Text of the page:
To ask would you take young children to a funeral?(185 Posts)
Just wondering what the general view is on taking a baby and a 4 yr old to a funeral. It's my granny's, she is 93 and has been given just a few weeks more in all likelihood.
For some reason my brain is processing this by trying to work out if I should bring my children to her funeral. She's had a lovely long life, so while people will be sad it won't be a sombre tragic occasion, more a celebration of a lovely life by all her descendents.
Of her children one (my uncle) thinks children probably shouldn't attend, whilst the other (my mum) is more inclined to think children should be included so as to demystify and so they don't worry and imagine all sorts of weird goings on.
I'm not sure. I'm tempted to say baby can come but 4 yr old might be whingy and potentially make a scene by being bored. She's pretty well behaved compared to most 4 yr olds... but she is 4! Family we haven't seen for years will be there, and I'd like my daughter to meet them. But using a funeral as an excuse to show off my lovely children doesn't seem right.
Please don't flame me. I'm just wondering how many people think no and how many yes
I think it has to depend on the child and the circumstances. In our case, we feel it worked well bringing our children to my father's funeral, despite them being young - but we knew they would behave, and had brought my MIL with us, so they could be taken out if necessary. In the event, they all behaved very well (but as I said, we were regular churchgoers, so they knew how to behave, and we didn't need to bring books or toys to keep them quiet).
We had also talked it over with my mum and my sister beforehand, and both were happy for us to bring the boys, knowing that we would make sure they behaved and were quiet, or they would be taken outside.
Unless it is specifically decided in advance, and everyone is OK with it, I do NOT think it is acceptable to bring children in fancy dress costumes, as a previous poster described, or to bring anything to entertain them that would create a disturbance at the service - so a book might be OK, if the child is one who will sit quietly and read, but not a noisy toy, or a lot of different toys, the getting out of which will be a disturbance - if that makes any sense.
I also think that, if you know your child is likely to be noisy or disruptive, or to get upset at what is happening, then it is better for them not to go - for their sake and for the sake of the other people there.
I do also think that funerals vary - some are very sombre, quiet occasions, where any noise from a child would be noticeable and unwelcome, and others are less sombre, more a celebration of the person's life, and there a child's presence, even if not quiet and unobtrusive, would not be a problem.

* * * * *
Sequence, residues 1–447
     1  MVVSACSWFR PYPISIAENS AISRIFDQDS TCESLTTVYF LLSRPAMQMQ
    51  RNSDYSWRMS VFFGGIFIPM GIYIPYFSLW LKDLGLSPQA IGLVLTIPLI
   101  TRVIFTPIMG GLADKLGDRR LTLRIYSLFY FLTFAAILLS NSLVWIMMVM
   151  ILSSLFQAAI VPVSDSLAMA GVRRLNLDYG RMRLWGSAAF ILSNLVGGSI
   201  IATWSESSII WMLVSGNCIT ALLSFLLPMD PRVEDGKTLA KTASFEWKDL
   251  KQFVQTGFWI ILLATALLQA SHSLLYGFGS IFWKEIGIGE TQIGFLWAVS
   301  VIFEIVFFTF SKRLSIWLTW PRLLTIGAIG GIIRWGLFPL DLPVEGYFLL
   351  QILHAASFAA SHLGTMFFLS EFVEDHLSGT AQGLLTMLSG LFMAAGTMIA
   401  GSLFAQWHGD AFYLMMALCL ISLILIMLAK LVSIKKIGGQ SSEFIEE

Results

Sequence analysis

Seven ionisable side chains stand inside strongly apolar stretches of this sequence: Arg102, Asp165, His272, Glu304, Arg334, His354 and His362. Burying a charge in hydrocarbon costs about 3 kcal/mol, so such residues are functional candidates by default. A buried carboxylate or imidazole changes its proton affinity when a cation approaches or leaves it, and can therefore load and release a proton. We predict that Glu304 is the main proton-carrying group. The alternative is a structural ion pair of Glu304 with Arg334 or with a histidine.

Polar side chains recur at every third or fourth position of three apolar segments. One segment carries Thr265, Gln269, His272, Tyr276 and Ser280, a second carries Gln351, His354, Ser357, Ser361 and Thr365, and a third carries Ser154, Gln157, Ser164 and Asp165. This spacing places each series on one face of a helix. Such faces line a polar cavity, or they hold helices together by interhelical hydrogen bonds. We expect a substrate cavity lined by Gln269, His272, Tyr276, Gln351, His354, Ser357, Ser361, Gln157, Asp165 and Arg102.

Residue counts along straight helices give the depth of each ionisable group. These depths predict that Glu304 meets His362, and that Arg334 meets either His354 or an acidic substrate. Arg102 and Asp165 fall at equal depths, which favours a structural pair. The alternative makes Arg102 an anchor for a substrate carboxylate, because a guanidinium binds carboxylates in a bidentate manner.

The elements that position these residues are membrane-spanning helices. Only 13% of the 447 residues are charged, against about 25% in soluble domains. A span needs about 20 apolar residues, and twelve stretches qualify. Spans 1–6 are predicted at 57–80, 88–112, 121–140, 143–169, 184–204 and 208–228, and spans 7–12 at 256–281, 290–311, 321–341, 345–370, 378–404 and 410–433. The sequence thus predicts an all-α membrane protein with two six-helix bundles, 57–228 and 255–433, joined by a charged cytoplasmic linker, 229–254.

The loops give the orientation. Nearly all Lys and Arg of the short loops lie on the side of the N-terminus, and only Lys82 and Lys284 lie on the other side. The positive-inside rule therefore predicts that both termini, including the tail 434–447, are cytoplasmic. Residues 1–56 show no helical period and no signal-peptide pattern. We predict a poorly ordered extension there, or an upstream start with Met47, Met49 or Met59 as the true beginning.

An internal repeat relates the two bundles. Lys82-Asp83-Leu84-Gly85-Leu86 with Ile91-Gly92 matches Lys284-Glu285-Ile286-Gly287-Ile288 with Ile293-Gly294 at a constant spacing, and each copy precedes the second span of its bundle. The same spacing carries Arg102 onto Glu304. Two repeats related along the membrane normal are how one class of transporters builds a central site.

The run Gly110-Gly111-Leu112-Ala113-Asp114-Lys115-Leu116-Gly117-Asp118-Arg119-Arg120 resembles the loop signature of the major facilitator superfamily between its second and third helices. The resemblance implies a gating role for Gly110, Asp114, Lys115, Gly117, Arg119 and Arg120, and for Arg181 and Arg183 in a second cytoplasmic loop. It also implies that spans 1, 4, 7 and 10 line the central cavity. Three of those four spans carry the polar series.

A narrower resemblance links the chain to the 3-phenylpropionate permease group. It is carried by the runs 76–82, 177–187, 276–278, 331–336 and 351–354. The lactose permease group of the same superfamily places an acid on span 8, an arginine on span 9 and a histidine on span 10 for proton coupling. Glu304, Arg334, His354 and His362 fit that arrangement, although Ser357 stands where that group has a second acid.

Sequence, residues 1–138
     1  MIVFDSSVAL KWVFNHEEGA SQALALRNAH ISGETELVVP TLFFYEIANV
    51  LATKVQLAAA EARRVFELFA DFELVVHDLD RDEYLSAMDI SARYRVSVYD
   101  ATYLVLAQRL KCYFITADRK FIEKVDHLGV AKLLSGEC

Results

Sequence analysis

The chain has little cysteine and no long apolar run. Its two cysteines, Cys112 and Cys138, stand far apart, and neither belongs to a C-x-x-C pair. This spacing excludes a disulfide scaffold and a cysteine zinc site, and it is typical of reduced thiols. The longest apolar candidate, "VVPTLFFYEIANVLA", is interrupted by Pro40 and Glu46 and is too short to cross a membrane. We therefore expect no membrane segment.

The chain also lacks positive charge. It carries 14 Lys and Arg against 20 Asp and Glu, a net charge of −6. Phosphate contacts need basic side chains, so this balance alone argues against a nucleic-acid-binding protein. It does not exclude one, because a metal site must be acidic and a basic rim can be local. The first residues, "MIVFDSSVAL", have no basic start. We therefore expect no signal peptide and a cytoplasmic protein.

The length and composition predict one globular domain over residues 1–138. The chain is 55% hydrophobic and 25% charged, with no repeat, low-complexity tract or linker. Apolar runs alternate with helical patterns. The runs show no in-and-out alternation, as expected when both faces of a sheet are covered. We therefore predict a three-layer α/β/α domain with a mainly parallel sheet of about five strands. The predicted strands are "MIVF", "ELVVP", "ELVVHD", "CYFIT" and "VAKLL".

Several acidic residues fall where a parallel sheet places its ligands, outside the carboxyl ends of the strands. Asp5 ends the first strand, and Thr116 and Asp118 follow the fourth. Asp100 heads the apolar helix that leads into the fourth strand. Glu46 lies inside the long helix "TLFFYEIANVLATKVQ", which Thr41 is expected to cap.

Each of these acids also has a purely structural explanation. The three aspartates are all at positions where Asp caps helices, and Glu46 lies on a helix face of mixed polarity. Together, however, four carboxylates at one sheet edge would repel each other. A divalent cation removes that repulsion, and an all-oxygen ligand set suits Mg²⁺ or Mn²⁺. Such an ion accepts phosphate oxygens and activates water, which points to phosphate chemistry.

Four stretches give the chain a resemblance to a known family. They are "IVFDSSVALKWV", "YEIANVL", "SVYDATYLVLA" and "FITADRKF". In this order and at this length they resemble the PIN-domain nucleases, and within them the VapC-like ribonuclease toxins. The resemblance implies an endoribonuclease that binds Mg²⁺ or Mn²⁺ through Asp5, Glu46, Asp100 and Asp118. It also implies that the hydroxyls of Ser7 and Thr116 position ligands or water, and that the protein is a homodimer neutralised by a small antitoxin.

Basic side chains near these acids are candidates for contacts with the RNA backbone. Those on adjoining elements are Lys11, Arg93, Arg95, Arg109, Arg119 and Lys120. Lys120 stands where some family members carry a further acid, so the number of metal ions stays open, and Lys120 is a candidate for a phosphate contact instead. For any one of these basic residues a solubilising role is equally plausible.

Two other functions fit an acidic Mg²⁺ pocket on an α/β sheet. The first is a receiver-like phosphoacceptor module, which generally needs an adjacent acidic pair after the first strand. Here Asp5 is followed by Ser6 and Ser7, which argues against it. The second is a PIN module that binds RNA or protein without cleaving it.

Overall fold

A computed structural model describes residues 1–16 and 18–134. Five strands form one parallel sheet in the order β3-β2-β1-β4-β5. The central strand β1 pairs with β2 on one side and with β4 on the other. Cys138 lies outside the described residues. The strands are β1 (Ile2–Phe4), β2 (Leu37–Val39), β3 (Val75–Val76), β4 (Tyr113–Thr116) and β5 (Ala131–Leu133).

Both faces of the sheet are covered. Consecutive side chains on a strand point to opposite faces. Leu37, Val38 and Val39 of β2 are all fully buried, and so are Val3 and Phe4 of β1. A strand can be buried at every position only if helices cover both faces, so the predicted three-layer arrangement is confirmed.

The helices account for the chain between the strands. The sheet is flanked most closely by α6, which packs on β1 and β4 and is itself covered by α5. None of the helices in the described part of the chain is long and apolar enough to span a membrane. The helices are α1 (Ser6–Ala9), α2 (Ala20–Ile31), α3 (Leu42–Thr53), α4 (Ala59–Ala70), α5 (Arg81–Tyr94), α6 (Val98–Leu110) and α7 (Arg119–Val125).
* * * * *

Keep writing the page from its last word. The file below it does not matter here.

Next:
So, in short, you need to know what sort of funeral it is, what sort of child you have and how they are likely to behave at the funeral, the views of the other close relatives of the deceased, and what support you will have - and then you can look at all of these factors together, and decide whether it is appropriate for this particular child to attend this particular funeral.
Sorry for your loss.
I would say that 4 might be a bit too young unless you had someone who could take her out if she gets upset and/or noisy.
We held my 10 year old son's funeral last week, so had quite a few children there who were mainly his age, some younger. They were all very upset.
No. Personally, I think the child needs to be old enough to understand and behave appropriately.
Last year at a family funeral my two 12 and 13 found it hard enough. Their nephews came the 4 year old was completely running a mock and understandably didn’t understand. His 6/7 year old brother was a bit better behaved but mid service he let out the most horrendous really loud crying sounds. It was an extremely hard day for him.
Here Here Pink. I agree with you. This isn't about teaching children about death at your expense.
Don't get me started on children at weddings but that is another thread entirely!
Mine are similarly aged and I was in a similar situation to you... when my grandmother died I sent the children to crèche as normal on the day of the funeral.
It would’ve been nice for the children to see all of their extended family but having them at the funeral would’ve been difficult for me as I would’ve been focussed on them instead of the funeral.
Would it be an option for someone to look after your children during the funeral but then bring them to you afterwards so they could spend time with the extended family? I’ve seen that option work well with children and families in the past
@FuzzyCustard I agree with everything you’ve said. DM was 86 when she died and I fell apart and I still struggle to talk about her without crying. I didn’t want some kid being brought along to be taught about death or, even worse, to provide some light relief.
Grief does make you selfish. My Mum’s funeral was about what I wanted and what I hoped she would have wanted (she left no instructions) and I make no apologies for that.
Heavens! That sounds awful and really disrespectful.
I wouldn't force anyone to take a child if they don't want to but I think it's sad we aren't prepared to allow children to be a part of the ritual, especially if they want to
Possibly taking GottaGetMoving out of context, but many posters, when discussing taking children to funerals, were having to keep them occupied with colouring, snacks, stickers, drinks, BF, reading, etc., so they wouldn’t make a fuss or get upset. How does that fit with “being part of the ritual”?
At my nanas funeral, my mum got a lot of comfort from my 6 year old being there.
I agree Fuzzy, those who feel the children haven't exactly 'brightened up their day' are hardly likely to voice their opinion.
I've talked about it before on MN but one of the most jaw dropping things i've experienced was at the funeral of a friend of mine who died of cancer in his early forties. Terrible. Anyway, some friends of his saw fit to bring their children to the funeral dressed as fairies and pirates. They let them run riot playing with their wands and cutlasses etc. They wanted to teach them some lesson about death not being a bad thing etc. I considered it one of the most selfish things i've ever seen but I never said anything. The day was disorienting enough without more upset.